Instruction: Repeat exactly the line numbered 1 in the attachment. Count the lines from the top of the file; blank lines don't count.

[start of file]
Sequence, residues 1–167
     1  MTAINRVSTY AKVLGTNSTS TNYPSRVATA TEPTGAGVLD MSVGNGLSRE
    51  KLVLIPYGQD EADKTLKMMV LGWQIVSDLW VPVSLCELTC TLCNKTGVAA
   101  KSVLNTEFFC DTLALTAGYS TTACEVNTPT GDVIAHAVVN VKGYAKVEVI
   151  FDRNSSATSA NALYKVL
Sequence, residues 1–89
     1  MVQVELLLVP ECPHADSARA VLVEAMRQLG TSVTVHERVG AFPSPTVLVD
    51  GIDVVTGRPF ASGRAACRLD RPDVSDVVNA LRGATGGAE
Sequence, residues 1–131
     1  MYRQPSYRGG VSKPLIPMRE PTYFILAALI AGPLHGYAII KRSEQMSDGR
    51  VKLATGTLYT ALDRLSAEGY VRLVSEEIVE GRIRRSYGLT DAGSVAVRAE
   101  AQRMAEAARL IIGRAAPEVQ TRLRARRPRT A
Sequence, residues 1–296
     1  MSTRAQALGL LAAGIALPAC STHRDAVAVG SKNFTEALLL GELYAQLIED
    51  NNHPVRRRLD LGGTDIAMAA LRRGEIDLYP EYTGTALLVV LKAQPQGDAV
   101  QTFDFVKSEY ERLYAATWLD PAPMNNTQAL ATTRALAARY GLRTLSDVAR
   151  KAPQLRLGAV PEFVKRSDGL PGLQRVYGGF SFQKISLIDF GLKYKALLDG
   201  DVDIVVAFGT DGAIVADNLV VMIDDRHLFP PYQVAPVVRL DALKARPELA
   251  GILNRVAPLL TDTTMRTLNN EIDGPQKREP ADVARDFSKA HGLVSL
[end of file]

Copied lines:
Sequence, residues 1–167